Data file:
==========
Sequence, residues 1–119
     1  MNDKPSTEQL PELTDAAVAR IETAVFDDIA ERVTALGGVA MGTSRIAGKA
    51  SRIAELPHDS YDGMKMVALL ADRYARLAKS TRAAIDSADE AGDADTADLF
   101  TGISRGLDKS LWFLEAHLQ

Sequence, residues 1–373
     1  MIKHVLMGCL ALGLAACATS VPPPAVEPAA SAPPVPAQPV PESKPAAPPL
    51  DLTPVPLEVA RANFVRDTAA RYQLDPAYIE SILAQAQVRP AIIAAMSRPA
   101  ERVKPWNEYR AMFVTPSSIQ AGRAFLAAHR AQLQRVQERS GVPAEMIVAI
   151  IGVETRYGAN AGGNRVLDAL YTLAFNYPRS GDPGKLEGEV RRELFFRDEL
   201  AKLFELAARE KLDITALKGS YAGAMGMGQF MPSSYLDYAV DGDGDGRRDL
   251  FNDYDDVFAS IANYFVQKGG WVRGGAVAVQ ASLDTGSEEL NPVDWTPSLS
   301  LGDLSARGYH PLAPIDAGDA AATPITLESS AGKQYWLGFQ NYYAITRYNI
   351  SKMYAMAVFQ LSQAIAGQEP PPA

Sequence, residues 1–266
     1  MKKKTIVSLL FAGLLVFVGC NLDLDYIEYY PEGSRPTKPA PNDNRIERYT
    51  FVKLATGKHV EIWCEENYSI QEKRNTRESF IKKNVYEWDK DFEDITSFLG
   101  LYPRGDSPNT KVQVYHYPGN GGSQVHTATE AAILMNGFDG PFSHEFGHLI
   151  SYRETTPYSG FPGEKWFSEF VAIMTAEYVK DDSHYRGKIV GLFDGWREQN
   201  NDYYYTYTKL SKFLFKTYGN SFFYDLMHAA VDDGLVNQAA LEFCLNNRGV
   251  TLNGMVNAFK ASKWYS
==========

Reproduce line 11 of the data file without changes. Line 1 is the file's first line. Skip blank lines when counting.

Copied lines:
   251  FNDYDDVFAS IANYFVQKGG WVRGGAVAVQ ASLDTGSEEL NPVDWTPSLS